Drug Abuse Testing –Commercialization of Drug Abuse Testing
Testing for the presence of illegal or banned substances has been in practice for some time, and is usually conducted by professionals and laboratories that specialize in drug abuse testing.
Drug abuse testing is mandatory by law for many jobs and professions, such as commercial drivers, law enforcement and other emergency personnel, and required by most employers and sports associations. The substances being tested for may not always be illegal; in the case of athletes, many performance enhancing drugs and/or steroids may also be screened for violation of rules, rather than laws.
There are two sides to the issue of drug abuse testing: safety of others, and the invasion of one’s privacy. Many people feel that had our forefathers foreseen the technology to screen our blood and urine for the presence of chemicals, they would have included bodily fluids into the Fourth Amendment to the US Constitution; the right to be free of unreasonable searches and seizures.
Others see drug screening as a way to keep them safer. For example, many people feel that it is legitimate to “invade our privacy” if it will keep truck drivers or forklift operators from operating potentially deadly equipment while under the influence of illegal drugs. Some people wish to work in an environment where they are not surrounded by other workers who use drugs, whether for safety reasons or personal preference.
In the world of sports, use of performance enhancing drugs gives an unfair advantage over other athletes who do not partake in the use of steroids or other boosting agents. Drug testing is therefore used by athletic associations to keep the players honest and within the guidelines allowed.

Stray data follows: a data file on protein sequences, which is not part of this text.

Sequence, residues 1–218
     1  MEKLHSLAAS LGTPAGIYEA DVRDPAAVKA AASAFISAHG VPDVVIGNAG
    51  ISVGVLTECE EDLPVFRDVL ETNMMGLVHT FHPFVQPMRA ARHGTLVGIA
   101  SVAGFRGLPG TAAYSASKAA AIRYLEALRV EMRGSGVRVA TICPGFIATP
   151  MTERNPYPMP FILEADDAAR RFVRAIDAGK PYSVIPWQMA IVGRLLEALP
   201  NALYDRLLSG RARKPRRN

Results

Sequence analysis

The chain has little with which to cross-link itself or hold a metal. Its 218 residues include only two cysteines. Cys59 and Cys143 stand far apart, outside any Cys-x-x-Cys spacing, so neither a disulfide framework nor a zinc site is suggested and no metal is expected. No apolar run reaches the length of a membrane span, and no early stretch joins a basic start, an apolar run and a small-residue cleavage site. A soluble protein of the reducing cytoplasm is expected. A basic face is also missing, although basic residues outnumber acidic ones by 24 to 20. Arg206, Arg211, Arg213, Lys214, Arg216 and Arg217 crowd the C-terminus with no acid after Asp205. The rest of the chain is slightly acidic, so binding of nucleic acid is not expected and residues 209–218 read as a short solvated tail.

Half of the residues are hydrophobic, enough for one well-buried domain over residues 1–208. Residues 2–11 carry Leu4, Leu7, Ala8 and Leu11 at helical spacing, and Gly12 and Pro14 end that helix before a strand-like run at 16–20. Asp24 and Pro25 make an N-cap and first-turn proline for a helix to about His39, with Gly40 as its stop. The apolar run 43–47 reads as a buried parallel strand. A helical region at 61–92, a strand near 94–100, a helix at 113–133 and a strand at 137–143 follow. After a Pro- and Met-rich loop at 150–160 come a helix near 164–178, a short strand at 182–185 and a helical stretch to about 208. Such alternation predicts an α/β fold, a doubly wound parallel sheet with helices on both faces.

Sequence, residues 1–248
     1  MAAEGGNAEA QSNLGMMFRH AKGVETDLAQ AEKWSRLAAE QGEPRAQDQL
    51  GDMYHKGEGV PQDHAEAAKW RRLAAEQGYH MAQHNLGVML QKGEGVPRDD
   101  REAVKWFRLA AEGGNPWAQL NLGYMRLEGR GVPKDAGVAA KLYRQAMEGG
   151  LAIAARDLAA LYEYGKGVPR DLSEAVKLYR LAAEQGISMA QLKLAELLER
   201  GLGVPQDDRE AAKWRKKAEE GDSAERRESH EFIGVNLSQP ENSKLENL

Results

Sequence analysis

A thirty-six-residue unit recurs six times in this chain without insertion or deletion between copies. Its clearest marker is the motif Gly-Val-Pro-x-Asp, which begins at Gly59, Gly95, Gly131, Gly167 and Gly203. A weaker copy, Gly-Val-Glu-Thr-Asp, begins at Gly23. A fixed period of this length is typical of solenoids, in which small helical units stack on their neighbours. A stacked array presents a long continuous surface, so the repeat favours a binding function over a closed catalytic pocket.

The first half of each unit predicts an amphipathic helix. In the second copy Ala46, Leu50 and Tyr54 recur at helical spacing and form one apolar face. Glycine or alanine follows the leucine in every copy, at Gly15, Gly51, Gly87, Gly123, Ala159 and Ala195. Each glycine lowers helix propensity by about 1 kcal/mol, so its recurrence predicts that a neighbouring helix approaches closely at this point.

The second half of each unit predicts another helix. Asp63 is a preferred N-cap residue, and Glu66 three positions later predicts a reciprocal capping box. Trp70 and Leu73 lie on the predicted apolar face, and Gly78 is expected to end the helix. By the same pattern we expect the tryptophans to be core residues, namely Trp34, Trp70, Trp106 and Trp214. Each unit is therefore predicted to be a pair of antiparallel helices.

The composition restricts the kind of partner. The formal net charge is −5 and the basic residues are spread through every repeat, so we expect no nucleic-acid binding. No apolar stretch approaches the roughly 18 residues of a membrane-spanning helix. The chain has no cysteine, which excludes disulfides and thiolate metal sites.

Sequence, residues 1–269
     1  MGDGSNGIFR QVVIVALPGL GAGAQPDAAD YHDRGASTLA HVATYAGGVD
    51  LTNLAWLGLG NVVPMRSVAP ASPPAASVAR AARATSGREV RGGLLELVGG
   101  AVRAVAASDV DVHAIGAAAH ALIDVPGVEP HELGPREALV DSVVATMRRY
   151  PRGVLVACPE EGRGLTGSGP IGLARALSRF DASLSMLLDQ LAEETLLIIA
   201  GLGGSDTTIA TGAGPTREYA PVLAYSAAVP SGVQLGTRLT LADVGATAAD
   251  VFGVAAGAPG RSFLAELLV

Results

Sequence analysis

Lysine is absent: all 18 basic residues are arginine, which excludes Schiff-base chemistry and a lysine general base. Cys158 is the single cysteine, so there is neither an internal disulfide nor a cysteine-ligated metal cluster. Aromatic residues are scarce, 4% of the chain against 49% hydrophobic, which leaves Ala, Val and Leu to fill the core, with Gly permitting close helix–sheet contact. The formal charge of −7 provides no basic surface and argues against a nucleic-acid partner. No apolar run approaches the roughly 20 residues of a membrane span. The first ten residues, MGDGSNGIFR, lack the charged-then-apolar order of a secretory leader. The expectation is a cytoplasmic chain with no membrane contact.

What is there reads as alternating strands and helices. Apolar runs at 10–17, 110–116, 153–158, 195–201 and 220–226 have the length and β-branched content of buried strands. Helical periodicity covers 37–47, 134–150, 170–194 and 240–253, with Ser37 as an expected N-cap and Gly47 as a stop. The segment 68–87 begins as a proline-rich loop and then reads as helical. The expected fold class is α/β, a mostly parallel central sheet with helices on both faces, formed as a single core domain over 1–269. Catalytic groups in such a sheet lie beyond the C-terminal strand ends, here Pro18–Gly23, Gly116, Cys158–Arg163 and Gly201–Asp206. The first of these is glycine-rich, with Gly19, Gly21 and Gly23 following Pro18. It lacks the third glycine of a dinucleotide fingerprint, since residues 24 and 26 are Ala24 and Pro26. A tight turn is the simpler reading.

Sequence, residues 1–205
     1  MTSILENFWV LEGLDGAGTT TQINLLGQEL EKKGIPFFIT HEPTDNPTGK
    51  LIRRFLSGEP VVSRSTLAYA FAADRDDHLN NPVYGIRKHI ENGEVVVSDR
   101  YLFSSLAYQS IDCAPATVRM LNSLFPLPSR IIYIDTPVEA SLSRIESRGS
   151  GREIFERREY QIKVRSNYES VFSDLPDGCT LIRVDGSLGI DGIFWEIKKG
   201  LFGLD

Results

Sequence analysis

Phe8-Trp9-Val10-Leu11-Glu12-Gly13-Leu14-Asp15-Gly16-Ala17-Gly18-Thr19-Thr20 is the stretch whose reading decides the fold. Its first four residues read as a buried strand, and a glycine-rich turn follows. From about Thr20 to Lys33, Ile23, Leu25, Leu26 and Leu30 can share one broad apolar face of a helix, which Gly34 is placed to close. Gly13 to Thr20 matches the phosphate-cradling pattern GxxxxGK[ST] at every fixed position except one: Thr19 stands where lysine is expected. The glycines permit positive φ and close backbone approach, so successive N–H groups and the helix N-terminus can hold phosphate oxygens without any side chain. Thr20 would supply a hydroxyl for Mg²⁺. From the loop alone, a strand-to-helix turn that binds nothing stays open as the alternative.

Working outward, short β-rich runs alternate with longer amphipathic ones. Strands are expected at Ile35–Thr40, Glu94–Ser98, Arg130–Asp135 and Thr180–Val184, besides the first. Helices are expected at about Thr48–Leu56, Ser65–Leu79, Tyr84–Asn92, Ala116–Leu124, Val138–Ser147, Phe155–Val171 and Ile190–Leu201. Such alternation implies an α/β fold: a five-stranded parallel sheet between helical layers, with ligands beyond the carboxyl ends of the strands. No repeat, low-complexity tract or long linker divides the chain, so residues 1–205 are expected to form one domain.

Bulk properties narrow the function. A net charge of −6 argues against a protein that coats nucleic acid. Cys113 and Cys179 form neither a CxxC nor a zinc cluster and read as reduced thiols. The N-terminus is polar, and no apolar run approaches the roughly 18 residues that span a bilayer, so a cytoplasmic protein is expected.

When drug abuse testing first came out, it was very easy to get false positive results from items that were similar to illegal drugs. Many people tested positive for heroin use from taking over the counter pain relievers such as Motrin, and poppy seeds were another common ingredient that gave false positive results. Over the years, the tests have become more refined; designed to screen out potential products or foods that could give a positive reading and possibly deny a person employment or worse yet, show drugs in their system after a fatal accident involving a commercial vehicle, where testing for the presence of illegal drugs is required by law.
In addition to the many labs and private companies that offer drug abuse testing on a commercial level, there are now home test kits available for parents who may suspect that their children may be using illegal drugs, or for people who may be facing a commercial drug test for an upcoming job interview. Many people still feel that these tests are intrusive to their privacy, and may elect to purchase a kit that allows them to “fool” the commercial test, and may use a home drug test kit one or more times prior to the actual test, to ensure that they will appear clean when they go to the lab.
Whatever reason you may have for taking one, or whether you agree with these tests or not, drug abuse testing has come a long way over the past decade and a half.
About the Author: The article is prepared by Christy Berger who writes for TestCountry.com.Some information about this article is taken from these resources: Drug Abuse Testing FAQ Longer Version of Article can be found at Drug Abuse Testing